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Seeing the whole world through football-tinted spectacles

I DON'T see any way to avoid talking about the World Cup at least once in this column, so I might as well get it over and done with. Get ready for a stream of racist stereotyping.

But don't blame me for it. The problem is that the first thing I ever knew about places like Paraguay or South Korea or Morocco (or Holland or Germany, come to that) was that they were in our group in the World Cup. It'll be the same this year. By the end of July, what will the youth of Britain have to say about Tunisia or Colombia beyond the performance of their respective football teams?

In my first World Cup, at the age of 11, I obediently immersed myself in the football commentators' view of the world, according to which all foreign players (but especially Latins) were slimy cheats. Even the way they played the game - all that weaving and dummying and feinting - was indicative of a dishonest temperament. And when not hoodwinking our boys, those fiendish foreigners were falling over like ponces and deceiving refs into awarding them unjustified penalties. The referee's nationality, by the way, also became mysteriously relevant whenever he had just made a bad decision. What on earth did that Greek/Russian/Turkish referee think he was doing, giving a penalty for that blatantly Argentine/Italian/Spanish dive?

As for the British players, they were entirely different. They played a fundamentally straightforward sort of game, hard but honest; they were clean-shaven team-men. The only other team to whom we could accord a grudging respect for being anywhere near as decent was Germany, but even that became impossible after the arrival of that flailing lover-boy, Jurgen Klinsmann.

By my second World Cup, I had progressed to distinguishing between the various foreign teams. I noticed that the Germans were robotic and remorseless. I saw that the Spanish were defeatist under-achievers who never lived up to their potential. The French were cultured and sophisticated in appearance but were inevitably beaten into a pulp by more disciplined opponents. The Brazilians and Argentinians were prima donnas who couldn't care less whether their teams won or lost as long as their sex-appeal was enhanced.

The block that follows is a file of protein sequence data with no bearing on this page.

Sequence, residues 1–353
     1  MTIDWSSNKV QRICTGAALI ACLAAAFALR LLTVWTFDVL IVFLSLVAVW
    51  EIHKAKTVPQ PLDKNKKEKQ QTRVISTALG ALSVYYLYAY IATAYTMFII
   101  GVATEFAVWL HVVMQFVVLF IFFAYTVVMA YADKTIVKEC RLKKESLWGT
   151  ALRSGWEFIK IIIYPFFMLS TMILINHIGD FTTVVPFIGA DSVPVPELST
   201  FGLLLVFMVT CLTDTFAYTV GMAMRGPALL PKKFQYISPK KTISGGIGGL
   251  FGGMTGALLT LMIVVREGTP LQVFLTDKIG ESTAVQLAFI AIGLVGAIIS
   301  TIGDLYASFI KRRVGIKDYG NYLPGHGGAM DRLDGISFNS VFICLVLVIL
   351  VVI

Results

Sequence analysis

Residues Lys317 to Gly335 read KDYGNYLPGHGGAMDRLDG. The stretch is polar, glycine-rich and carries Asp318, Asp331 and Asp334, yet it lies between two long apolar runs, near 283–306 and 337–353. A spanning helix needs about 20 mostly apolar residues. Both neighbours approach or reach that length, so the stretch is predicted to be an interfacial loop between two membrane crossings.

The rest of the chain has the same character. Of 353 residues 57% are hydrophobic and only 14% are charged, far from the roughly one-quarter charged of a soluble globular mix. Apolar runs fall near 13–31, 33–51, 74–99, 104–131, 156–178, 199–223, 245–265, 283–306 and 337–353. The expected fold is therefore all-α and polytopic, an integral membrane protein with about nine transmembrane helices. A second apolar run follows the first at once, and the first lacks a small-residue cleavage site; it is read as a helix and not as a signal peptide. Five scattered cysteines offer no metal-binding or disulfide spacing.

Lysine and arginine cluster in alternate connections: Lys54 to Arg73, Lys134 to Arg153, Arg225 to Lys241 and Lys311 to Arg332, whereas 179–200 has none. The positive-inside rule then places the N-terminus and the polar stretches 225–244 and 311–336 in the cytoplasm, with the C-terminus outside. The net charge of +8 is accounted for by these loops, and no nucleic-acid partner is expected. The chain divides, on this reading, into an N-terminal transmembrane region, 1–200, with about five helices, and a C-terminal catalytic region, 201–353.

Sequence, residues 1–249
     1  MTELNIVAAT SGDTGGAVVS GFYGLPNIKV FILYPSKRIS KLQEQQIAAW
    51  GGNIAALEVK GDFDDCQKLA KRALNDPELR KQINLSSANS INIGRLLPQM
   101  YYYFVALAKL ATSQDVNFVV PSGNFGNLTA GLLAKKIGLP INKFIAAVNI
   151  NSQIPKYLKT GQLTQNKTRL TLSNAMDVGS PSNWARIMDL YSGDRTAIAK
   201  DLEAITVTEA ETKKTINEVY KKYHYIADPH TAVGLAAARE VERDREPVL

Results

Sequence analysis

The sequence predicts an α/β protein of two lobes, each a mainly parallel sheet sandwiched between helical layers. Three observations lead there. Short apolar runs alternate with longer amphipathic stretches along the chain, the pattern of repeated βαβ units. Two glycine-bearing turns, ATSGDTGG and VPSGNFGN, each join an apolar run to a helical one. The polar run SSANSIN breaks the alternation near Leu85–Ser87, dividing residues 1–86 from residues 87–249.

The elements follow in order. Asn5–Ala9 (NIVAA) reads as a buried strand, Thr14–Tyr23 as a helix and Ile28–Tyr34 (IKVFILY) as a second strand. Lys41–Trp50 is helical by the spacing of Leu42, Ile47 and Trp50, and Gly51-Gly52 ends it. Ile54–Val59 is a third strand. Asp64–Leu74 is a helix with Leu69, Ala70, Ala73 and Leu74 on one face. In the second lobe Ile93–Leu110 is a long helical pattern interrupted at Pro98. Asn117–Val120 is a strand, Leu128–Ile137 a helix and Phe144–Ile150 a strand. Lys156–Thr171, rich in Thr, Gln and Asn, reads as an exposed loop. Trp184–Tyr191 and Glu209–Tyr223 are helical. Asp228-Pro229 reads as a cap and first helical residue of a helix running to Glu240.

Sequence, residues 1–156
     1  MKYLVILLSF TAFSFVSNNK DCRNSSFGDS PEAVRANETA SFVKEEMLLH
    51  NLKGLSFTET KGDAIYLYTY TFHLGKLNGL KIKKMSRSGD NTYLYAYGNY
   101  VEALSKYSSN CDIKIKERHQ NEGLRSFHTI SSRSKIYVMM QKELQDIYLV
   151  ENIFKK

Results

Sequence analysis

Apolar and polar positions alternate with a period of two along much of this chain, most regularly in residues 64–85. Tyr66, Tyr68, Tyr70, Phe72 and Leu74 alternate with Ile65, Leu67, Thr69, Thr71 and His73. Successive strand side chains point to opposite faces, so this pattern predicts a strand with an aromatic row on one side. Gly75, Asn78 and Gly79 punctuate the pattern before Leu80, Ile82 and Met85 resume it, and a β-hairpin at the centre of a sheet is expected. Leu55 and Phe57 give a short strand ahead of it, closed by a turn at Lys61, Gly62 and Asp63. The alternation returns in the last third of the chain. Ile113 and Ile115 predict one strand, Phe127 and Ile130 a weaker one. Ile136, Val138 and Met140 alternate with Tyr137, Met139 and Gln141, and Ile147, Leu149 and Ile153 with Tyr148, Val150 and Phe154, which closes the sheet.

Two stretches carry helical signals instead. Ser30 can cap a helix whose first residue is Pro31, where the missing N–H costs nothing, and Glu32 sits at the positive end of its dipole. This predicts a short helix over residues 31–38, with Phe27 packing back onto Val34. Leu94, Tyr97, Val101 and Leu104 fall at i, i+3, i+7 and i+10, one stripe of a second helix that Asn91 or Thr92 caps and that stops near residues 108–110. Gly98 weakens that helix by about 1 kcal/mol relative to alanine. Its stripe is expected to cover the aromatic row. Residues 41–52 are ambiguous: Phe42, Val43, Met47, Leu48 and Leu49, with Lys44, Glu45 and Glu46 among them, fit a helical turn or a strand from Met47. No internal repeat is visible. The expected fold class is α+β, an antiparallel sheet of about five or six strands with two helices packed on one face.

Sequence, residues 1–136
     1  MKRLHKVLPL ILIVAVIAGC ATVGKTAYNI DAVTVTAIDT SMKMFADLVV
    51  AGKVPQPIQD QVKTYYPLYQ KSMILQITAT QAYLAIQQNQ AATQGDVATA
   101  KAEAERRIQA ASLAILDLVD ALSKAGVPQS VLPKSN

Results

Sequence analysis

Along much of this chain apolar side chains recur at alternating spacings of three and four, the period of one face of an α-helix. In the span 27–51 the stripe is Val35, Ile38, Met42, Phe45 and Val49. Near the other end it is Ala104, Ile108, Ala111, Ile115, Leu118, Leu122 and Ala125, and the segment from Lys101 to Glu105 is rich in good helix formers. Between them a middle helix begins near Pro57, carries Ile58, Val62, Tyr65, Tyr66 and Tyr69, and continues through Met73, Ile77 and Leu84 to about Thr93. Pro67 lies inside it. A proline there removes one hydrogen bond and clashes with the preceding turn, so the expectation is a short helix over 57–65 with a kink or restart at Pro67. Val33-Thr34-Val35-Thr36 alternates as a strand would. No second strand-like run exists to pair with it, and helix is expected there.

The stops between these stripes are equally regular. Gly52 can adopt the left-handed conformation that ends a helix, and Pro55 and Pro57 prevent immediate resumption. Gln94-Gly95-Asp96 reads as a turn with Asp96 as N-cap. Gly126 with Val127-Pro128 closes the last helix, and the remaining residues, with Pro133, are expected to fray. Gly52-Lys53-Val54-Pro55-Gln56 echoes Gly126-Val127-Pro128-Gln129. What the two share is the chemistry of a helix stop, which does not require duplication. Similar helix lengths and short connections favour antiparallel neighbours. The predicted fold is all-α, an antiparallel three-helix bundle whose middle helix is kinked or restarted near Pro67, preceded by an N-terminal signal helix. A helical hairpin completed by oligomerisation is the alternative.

That still left quite a large number of anonymous European countries (Poland, Norway, Switzerland etc.) whose only known characteristic was to be an irritant to the English during qualification rounds. But some other small countries had begun to take on remarkably well-defined characteristics. The South Koreans, for example, those pugnacious little fanatics who were ready to die for their team; or the Cameroonians, those overgrown children who became so absent-mindedly ebullient that they almost forgot they were supposed to lose.

Basically, I had acquired a handy working knowledge of all world cultures by nothing more arduous than watching a football tournament. It was as if the World Cup took place precisely in order to publicise national qualities, which was also why the only country we already knew enough about - the USA - didn't bother joining in.

Except that now, the USA has started to get involved. And this is where the World Cup, as an indicator of national identities, comes badly unstuck: because the USA, in footballing terms, are nobodies. Even Iran is tipped to beat them.

What a relief that would be to everyone. If Iran could beat the USA, it would mean that countries could no longer be summed up in terms of their football teams. It would mean that Japan could play loosely, Jamaica could play cautiously, Saudi Arabia could play irreligiously and Germany could play badly - without it reflecting on the national character of the country concerned.

Presumably, it would even mean that a British team could win the World Cup without having to proclaim their national superiority over anybody else.